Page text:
Pamela Fraser-Abder graduated from the University of the West Indies with a BSc in Botany, Zoology, and Chemistry. She then taught Science and Spanish at the secondary level in Trinidad. Upon completion of her M Ed and PhD both in science education/psychology and a post-doctorate in Human Resources and Education Planning at Pennsylvania State University, Pamela returned to the University of the West Indies as a Senior Lecturer. She developed the primary science curriculum for Trinidad and Tobago, while designing and implementing a model for science teacher education, which became the subject of seven books and numerous journal articles. In 1989, she joined the faculty at New York University (NYU), where she is currently the Director of Science Education. Pamela is recognized both nationally and internationally for her expertise on the impact of gender and cultural issues on the teaching and learning of science. She served as a Consultant in Primary Science Teacher Education for UNESCO and the Commonwealth Secretariat, conducting workshops in England, France, Latin America, and the Caribbean. Dr. Fraser-Abder served as a gender expert consultant to the United Nations Gender Working group to formulate plans to stimulate action and research for a more equitable world through science and technology. As part of her contribution, she co-authored a chapter that formed the basis of UN recommendations on the inclusion of women in Science and Technology. As the current President of the Board of Directors of the International Women's Tribune Center, an NGO, whose main role is to foster global gender equity in Science and Technology, and a Fellow at the Radcliffe Public Policy Institute, she has focused on global policy issues that affect women in science. For the past decade she has worked with over 600 graduate students on issues of gender and culture in the urban science classroom in New York City. She directs several programs that support female and minority in-service, uncertified math and science teachers as they complete a master's degree and certification requirements at NYU. Funding for these programs totaling over five million dollars have been received from organizations including: Goldman Sachs, Teacher Opportunity Corps, Dwight D. Eisenhower, Brookhaven National Laboratory, Met Life, Toshiba, NYNEX, Sterling Winthrop, and others. Dr. Fraser-Abder holds office and maintains membership in several national and international organizations that reflect her intense devotion to science education, and to empowering teachers to achieve the goal of scientific literacy for all. She has served on the JRST editorial board, SSMA publication committee, NSTA, NARST, and AETS committees. In 1985 she was a co-founder of the International Consortium for Research in Science/Mathematics Education, an organization that meets bi-annually in Latin American and Caribbean nations to share research and teaching strategies with local educators. She has written over 20 books, 50 chapters and articles, and has been an invited speaker and consultant on science education, curriculum development, and gender and cultural equity in science to many national and international organizations. Her most recent book, Professional Development of Science Teachers: Local Insights with Lessons for the Global Community,published by Routledge Falmer, explores global social and cultural issues in science teaching and teacher preparation, and shows how these societies respond to the worldwide demand to achieve scientific literacy for all.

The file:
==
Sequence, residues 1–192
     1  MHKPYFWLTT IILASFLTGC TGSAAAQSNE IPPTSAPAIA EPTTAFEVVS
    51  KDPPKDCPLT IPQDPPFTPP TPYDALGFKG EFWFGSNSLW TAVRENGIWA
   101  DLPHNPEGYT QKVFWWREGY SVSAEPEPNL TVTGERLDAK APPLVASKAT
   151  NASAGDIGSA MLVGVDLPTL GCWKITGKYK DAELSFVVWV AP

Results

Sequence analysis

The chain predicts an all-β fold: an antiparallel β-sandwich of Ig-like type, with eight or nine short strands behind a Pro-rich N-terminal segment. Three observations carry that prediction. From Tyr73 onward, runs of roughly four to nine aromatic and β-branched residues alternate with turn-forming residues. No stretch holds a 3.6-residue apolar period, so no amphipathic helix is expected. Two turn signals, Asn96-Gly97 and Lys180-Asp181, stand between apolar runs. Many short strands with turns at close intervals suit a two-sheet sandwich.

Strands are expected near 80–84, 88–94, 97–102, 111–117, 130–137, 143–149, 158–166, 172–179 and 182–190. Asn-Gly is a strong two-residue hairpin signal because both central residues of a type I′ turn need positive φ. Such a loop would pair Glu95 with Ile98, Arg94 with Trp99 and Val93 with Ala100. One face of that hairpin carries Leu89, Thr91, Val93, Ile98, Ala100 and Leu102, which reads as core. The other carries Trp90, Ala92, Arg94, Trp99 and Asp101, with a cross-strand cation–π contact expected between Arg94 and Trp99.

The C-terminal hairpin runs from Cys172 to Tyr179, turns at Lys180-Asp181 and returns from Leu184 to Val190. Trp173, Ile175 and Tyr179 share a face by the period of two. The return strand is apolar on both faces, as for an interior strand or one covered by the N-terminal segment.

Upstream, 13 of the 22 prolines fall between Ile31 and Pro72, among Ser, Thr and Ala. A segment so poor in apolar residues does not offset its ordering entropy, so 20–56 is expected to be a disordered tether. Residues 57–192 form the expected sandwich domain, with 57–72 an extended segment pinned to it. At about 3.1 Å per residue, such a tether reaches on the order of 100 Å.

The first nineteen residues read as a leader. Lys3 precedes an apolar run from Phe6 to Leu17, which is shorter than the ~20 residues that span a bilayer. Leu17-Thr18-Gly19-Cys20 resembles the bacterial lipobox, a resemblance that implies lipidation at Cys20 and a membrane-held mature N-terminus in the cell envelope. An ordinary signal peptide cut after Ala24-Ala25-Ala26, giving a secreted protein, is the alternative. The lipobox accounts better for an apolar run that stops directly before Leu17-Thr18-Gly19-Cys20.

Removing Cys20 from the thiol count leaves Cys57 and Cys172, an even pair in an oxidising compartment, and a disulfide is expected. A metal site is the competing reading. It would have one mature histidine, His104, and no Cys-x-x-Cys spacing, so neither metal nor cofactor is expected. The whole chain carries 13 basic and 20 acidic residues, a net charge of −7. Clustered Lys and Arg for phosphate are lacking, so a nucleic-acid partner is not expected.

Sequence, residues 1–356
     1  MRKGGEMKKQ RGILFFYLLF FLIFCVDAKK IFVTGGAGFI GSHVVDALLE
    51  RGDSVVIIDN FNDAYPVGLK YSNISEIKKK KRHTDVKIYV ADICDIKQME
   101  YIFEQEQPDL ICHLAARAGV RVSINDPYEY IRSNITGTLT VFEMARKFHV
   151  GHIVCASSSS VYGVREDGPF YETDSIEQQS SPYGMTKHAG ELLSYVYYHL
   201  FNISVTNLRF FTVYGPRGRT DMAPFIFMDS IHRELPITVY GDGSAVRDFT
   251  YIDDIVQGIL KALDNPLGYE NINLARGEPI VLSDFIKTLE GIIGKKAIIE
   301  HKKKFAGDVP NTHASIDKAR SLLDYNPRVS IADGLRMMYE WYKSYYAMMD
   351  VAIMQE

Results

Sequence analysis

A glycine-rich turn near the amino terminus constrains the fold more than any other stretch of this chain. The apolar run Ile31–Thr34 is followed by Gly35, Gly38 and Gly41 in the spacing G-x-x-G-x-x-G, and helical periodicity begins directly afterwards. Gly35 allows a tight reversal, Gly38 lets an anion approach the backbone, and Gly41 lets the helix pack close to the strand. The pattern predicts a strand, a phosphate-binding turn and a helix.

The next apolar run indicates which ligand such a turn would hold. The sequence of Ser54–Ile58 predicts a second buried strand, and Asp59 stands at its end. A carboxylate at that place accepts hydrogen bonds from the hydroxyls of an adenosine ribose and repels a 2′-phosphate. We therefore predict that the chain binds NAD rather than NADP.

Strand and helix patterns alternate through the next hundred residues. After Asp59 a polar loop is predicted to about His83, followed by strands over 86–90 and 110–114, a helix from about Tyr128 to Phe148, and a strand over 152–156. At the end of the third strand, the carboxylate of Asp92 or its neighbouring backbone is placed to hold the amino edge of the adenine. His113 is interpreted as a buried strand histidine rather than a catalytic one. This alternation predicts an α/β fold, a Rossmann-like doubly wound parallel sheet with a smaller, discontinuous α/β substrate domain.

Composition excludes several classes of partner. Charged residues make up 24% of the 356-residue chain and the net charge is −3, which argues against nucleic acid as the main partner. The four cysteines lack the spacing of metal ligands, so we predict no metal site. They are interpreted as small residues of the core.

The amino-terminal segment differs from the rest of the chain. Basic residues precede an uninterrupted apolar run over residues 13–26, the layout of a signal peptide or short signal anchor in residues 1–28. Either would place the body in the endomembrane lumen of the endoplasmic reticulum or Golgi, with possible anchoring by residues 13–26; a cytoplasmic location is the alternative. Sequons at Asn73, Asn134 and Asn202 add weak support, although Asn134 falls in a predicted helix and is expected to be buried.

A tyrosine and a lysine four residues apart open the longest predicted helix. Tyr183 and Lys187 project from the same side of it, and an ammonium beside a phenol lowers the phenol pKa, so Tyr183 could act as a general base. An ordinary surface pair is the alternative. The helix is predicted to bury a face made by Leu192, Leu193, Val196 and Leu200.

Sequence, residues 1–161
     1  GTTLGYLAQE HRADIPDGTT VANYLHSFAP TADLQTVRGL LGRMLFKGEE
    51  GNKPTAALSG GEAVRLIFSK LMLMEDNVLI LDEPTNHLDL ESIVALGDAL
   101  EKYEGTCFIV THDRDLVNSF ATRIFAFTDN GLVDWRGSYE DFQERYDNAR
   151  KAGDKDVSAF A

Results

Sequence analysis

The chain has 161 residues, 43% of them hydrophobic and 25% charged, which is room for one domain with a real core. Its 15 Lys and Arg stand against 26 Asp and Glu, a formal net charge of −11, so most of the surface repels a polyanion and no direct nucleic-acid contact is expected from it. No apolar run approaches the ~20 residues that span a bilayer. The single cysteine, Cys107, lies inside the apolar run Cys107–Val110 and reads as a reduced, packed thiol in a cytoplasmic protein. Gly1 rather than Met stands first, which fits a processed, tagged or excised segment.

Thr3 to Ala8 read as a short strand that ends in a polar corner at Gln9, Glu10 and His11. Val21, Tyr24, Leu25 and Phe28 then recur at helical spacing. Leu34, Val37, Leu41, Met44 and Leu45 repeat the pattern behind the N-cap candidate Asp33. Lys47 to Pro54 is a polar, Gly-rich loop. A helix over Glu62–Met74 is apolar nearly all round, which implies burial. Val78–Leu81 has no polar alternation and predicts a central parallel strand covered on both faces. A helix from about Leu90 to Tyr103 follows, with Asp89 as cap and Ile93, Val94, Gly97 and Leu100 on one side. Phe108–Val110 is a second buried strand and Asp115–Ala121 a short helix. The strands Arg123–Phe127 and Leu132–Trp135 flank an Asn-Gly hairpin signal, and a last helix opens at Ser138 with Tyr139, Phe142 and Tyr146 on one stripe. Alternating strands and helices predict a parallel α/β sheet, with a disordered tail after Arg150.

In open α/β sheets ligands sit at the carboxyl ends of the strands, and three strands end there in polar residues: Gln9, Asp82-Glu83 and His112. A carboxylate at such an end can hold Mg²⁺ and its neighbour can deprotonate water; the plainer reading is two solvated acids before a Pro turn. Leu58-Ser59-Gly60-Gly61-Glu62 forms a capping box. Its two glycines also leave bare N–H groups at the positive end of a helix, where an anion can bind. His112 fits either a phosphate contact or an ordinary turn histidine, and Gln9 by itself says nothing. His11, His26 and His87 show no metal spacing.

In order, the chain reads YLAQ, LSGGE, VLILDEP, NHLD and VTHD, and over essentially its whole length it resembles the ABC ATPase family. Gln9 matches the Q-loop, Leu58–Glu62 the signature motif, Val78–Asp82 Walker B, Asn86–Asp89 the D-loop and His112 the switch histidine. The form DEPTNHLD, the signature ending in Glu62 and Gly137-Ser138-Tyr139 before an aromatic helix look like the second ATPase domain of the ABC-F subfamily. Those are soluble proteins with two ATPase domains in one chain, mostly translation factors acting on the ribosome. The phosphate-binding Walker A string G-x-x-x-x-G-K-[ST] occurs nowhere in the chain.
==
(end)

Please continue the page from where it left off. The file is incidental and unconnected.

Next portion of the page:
Dr. Fraser-Abder has recently conducted a comprehensive assessment of the national Mexican Elementary and Secondary science and mathematics textbooks and curriculum for the Mexican Ministry of Education. This curriculum serves 32.3 million students and over 700,000 teachers.
Fraser-Abder is the principal investigator of a three-year, $2.1 million grant from the New York State Education Department’s "Race to the Top" Fund.
The grant supports teacher preparation and retention in the sciences.
Dr. Fraser-Abder is coordinating Steinhardt School’s involvement in the 100K in 10 initiative, a multi-sector mobilization that responds to the national imperative to train 100,000 excellent science, technology, engineering, and mathematics (STEM) teachers over a 10-year period.